It was love at first sight for me. Clark Gable was THE MAN. No matter that, in real life, he was 3 years younger than my grandparents, he was the ONE. Well, Clark Gable as Rhett Butler, that is. I had a poster of him as Rhett in my bedroom for several years. I still have several books on him in my Gone With the Wind collection. Loretta Young, the dreamy wife in my favorite Christmas movie–The Bishop’s Wife, added to the appeal of this book. Finally, author Adriana Trigiani has become a fast favorite of mine when I want an enjoyable family sort of saga.
Gable & Young in Call of the Wild
“The secret had become a member of the family. It had its own space; each person bore a responsibility to it in their fashion….But the problem with any lie is that it is as transparents as the truth.” (Kindle version, p. 419)
The King of Hollywood, Clark Gable, and actress Loretta Young, made the movie Call of the Wild on location one winter and fell in love. At the time, Gable was married to controlling second wife, ‘Ria Langhorn Gable, 17 years his senior. The relationship was doomed from the start. Sadly–or happily depending on your point of view, this relationship led to the birth of the couple’s daughter, whose existence had to be officially hidden. This book is the story of that relationship and of Loretta’s efforts to make a good life for daughter Judy–going so far as to have her daughter’s ears pinned back to camouflage their likeness to Gable’s famous ears.
As Loretta deals wtih keeping the secret, Gable goes on with his life, all the while maintaining that Young pushed him away. Today, sadly, Gable would be big in #metoo tweets. His ways were not those of a modern metrosexual man. I admit that his reputation as a “ladies man” is not something I like or admire. Later in life, their daughter would claim her father had “date raped” her mother, but in the book all is consensual.
Gable & Young later in life in Key to the City
How steamy is this photo? Love it!
What I Liked
I loved that Loretta’s faith was accurately portrayed. Like all believers (Loretta was Catholic) she was completely imperfect. That Gable was a married man DID bother her. When she became pregnant she would not even consider an abortion like many other stars of the day had in similar circumstances.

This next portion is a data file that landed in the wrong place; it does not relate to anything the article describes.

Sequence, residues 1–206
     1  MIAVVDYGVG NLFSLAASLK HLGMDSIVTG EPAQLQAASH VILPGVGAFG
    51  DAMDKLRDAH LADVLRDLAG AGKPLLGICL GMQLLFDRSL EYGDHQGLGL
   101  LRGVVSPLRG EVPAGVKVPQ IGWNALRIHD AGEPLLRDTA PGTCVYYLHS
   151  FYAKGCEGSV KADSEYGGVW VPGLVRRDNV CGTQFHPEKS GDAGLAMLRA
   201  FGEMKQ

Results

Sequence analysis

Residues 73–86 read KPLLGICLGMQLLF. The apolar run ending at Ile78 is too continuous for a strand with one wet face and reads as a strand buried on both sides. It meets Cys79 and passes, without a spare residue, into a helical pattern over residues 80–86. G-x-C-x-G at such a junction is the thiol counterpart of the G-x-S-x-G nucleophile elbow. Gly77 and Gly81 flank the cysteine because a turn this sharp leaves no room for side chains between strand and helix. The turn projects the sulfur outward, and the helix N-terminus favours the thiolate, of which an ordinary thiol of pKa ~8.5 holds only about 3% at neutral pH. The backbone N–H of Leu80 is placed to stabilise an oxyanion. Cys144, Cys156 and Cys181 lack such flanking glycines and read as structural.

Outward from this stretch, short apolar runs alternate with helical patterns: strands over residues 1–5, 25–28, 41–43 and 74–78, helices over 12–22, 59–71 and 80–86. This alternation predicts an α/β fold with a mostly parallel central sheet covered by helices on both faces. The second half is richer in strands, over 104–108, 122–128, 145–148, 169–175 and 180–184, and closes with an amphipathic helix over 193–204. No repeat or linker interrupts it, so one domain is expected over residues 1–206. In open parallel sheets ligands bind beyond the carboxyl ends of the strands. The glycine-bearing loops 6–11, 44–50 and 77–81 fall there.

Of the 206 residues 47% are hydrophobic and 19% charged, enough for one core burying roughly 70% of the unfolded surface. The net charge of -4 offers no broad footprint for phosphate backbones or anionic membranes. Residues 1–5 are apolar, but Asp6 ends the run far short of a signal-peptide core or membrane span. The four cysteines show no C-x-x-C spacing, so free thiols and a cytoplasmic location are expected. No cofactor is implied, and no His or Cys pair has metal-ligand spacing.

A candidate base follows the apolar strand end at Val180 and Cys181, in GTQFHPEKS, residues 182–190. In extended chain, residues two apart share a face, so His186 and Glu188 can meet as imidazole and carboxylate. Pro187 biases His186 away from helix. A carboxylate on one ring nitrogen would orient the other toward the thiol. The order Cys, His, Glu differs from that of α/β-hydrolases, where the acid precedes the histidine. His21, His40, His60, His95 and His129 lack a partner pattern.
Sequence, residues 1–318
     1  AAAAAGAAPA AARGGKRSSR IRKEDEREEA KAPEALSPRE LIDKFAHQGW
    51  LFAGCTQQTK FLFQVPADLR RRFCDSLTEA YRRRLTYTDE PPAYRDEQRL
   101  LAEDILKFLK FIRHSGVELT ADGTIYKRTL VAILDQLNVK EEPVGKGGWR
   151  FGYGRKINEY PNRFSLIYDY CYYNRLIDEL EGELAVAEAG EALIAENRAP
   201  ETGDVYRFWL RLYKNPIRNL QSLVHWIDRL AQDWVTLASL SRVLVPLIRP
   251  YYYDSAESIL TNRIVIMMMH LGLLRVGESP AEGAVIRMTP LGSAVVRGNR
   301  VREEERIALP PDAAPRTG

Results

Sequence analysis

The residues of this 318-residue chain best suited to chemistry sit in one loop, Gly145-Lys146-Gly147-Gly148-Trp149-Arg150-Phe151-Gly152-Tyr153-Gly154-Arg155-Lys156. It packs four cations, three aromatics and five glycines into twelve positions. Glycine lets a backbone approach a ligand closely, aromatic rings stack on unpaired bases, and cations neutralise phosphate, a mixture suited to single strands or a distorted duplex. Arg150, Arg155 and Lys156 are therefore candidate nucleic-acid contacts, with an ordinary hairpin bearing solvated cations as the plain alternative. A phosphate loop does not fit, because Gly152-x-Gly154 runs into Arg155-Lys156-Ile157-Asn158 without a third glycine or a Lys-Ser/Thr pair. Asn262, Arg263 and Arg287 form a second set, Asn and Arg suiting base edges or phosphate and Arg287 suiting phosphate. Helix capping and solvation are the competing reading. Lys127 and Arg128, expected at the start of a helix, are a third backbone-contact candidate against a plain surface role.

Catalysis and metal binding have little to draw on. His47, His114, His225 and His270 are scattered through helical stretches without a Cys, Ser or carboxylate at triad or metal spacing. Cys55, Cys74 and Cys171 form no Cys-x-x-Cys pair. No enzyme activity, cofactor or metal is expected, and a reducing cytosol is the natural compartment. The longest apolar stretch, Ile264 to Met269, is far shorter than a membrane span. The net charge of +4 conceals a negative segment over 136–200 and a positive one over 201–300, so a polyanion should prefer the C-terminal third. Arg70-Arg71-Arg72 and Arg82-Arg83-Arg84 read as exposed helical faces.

What I Didn’t Like
“Didn’t like” is too strong, but I’ll stick with it for lack of a better expression. There were several times when the story seemed to jump forward without warning–or mention of the new year. This was confusing, resulting in have to backtrack and listen to something a second time.
There were a few silly historical errors that did not affect the story, but as always, make me wonder how old or well-educated the editor was. Doesn’t anyone Google? In one scene David Niven mentions doing his own lobotomy [joke] at a time when no one would have even be aware of the procedure–it may havebeen created, but was not at all known at that time. That is the level of error. These are a pet peeve of mine.
Finally, this is the only Gable book that didn’t mention his terrible breath!
Those are minor problems in an otherwise enjoyable story.
All the Stars in the Heavens: A Novel by Adriana Trigiani
More by Adriana Trigiani
You can read my review of Adriana Trigiani’s newest novel, Tony’s Wife here.
How fabulous is that cover??
From my old blog:
WOW! How often do you find a big sprawling family saga WITHOUT graphic sex, graphic language, horrific abuse or sexual molestation?? Well, The Shoemaker’s Wife IS that novel!! Such a sweet book! Coming of age story! Immigrant story! Love story! This one is not-to-be-missed! This story is the one you’d likely pick for your own ancestors! The characters are achingly real. The story is simple, honest, NORMAL. I just plain loved it!
The Shoemaker’s Wife by Adriana Trigiani
For Additional Novels on the Golden Age of Hollywood:
Girls in the Picture: A Novel byMelanie Benjamin–my review.
Women Enters Left by Jessica Brockmole–my review.